FS doesn't sell DLP anymore - Is DLP as we know it dead? - Page 6 - Canadian TV, Computing and Home Theatre Forums
 
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post #76 of 86 (permalink) Old 2006-09-23, 09:15 PM
 
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Quote:
Originally Posted by que3jxp View Post

The ultimate fact of the matter is that SED is basically a hybrid CRT technology and because of that, has FAR more usable development time over plasma.

If Tosh is getting out of the other formats of sets/not concentrating as much effort into research on the other types of sets, perhaps they are closer to mass production on SED sets than we thought.
From an article by Al Griffin in Sound & Vision magazine.

Toshiba and Canon's SED flat screen draws from both plasma and old school cathode-ray tube (CRT) TVs
The rapid price erosion of plasma and LCD TVs sent developers back to the lab to figure out a more cost effective way to manufacture SED sets.
Toshiba now plans to introduce SED to coincide with the 2008 summer olympics in Beijing.
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post #77 of 86 (permalink) Old 2006-09-25, 12:28 PM Thread Starter
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Quote:
Originally Posted by bxpshr View Post
Perhaps the bigger question should be why the recipe for a expensive tv includes cardboard and tape.
Take a look inside a Mercedes, Beemer, or..., lately?
My old RP Sony was jammed with cardboard and tape. If they could use bubblegum they would do it to save a peso.
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post #78 of 86 (permalink) Old 2006-09-27, 07:12 PM
 
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Wow, I was shocked when I came across this thread

Since I already have a DLP set my only concern is availability of replacement bulbs and maybe parts. I have been trouble free except for a faulty remote and I am very happy with my set.

I have a theory that large format RP tech. gets misplaced blame for causing nausia when it may be caused by motion sickness. My sets minimum recommended viewing distance is 10 feet. When I first set it up to quickly check it I was 7 feet away and I got nausious watching a DVD after about 5 minutes. Now I have it set up about 10 feet away and while I'm fine with most programming, I still get a bit nausiated and a head ache when I'm watching shows like CSI with a lot of jerky camera movement and all kinds of flashing high intensity lights (I love the show but I wish they would do away those irritating fast forward stop and go camera effects). If I'm watching from my dining room about 15 feet away I don't feel any ill effects therefore I believe the nausia is caused by watching fast moving images from close up.

I get motion sick in cars as a passenger and I also got nausiated when I started watching movies on my 21" PC monitor. I never heard of a CRT tube causing nausia. Again I was watching from too close and as soon as I backed up I was fine. Same with the DLP tv. All this time I never noticed the rainbow effect on my DLP set. Even when I look for it.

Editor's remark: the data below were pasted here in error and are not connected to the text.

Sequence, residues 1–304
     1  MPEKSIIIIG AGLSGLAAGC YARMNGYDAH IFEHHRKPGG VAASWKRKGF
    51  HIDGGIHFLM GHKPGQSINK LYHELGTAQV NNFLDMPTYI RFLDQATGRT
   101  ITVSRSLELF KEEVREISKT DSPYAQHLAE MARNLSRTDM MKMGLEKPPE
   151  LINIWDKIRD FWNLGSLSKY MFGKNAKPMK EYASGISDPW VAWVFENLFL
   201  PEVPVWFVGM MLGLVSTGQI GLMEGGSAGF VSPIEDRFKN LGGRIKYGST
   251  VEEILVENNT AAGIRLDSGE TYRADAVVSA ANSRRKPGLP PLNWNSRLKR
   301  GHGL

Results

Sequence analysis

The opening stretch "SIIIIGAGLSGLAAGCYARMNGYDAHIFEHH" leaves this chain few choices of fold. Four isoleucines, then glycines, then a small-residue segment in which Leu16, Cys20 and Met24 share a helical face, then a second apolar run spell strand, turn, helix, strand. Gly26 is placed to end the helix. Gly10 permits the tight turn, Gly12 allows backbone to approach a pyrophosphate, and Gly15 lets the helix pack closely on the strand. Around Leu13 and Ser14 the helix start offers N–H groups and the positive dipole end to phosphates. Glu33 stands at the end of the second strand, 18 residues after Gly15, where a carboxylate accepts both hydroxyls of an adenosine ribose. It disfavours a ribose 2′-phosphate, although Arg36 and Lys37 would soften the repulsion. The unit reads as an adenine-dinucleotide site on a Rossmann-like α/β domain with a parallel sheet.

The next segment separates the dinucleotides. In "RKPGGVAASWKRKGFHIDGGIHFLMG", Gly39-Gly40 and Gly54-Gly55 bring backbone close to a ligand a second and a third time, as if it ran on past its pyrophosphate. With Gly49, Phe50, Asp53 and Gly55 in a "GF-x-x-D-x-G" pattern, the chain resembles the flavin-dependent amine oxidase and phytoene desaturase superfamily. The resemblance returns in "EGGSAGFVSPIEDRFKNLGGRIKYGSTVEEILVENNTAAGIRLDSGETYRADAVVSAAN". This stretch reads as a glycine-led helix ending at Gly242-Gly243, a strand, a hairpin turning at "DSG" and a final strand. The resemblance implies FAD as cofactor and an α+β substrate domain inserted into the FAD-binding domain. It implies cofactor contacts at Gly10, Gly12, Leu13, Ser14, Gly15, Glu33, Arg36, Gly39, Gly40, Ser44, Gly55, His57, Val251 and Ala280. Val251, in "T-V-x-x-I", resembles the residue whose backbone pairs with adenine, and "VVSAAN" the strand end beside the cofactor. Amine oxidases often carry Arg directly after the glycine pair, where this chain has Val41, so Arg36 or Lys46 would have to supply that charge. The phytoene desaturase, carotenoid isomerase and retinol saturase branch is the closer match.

This is just a theory it's certainly no proof or anything but I wonder how many of those people complaining about the ill effect of DLP would be ok sitting further back and it's not caused by the technology.

Some might say what's the point if I sit further back but since the minimum is 10 feet the optimum viewing distance is probably close to 13-15 feet. I have an open concept condo and I can see the tv from my kitchen witch is about 20 feet away and it still looks impressive from that far away.

Samsung LCD, Emotiva Lmc-1 pre-amp, Rotel RMB-1075 power amp, B&W Nautilus 805 "book shelf" speakers etc.
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post #79 of 86 (permalink) Old 2006-09-27, 08:07 PM
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I don't know about the others but I buy my TV screen size according to the optimum THX calculation and that distance, my entire family feel the nausea virtually instantly.

THX, ISF, Control4 Certified Professional; CEDIA Certified Instructor; CEDIA Certified Designer
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post #80 of 86 (permalink) Old 2006-09-29, 07:31 PM
 
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I always doubt what FS sales people say. Half the time they don't even know their product. I think what we'll see is Best Buy carrying DLP while FS carries LCD. FS was suppossed to be the "consumer" store, while BB was a little higher end.

I've had my DLP three years and hope to get another 3 or 4 out of it. True, I did have the colour wheel replaced about a year ago. Technology does move on and DLP isn't new.
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post #81 of 86 (permalink) Old 2006-10-03, 03:15 PM
 
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Quote:
Originally Posted by sixer View Post
Very interesting. Goodbye DLP. LCD was always the better choice anyways.
Let's face it, DLP (not LED based DLP) and Existing LCD (not SXRD) technolgy is in it's waning days. Toshiba knows it and is investing heavily in SED technology which could have huge impact when it comes on the market next year. The first model will be a 55" with a 50,000 to 1 contrast ratio and priced competively with LCD. I think there is a reason Sony has invested heavily in SXRD, as they know it as well.

In a few years there will prolly only be 3 companies each with a different technology in the big screen space:

Toshiba with SED.
Sony with SXRD.
Samsung with LED based DLP.